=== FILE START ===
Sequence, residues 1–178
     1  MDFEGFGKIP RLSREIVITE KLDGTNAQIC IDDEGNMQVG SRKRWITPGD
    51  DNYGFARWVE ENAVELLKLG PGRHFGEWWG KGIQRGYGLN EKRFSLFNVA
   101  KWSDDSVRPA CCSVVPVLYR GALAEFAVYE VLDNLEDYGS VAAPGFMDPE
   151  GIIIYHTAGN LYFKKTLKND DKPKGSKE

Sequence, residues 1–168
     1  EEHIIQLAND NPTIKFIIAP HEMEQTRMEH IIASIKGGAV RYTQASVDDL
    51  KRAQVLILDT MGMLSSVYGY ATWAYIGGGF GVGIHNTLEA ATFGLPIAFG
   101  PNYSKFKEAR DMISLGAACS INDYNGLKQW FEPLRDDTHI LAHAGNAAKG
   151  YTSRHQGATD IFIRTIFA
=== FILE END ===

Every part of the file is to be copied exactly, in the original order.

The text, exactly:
Sequence, residues 1–178
     1  MDFEGFGKIP RLSREIVITE KLDGTNAQIC IDDEGNMQVG SRKRWITPGD
    51  DNYGFARWVE ENAVELLKLG PGRHFGEWWG KGIQRGYGLN EKRFSLFNVA
   101  KWSDDSVRPA CCSVVPVLYR GALAEFAVYE VLDNLEDYGS VAAPGFMDPE
   151  GIIIYHTAGN LYFKKTLKND DKPKGSKE

Sequence, residues 1–168
     1  EEHIIQLAND NPTIKFIIAP HEMEQTRMEH IIASIKGGAV RYTQASVDDL
    51  KRAQVLILDT MGMLSSVYGY ATWAYIGGGF GVGIHNTLEA ATFGLPIAFG
   101  PNYSKFKEAR DMISLGAACS INDYNGLKQW FEPLRDDTHI LAHAGNAAKG
   151  YTSRHQGATD IFIRTIFA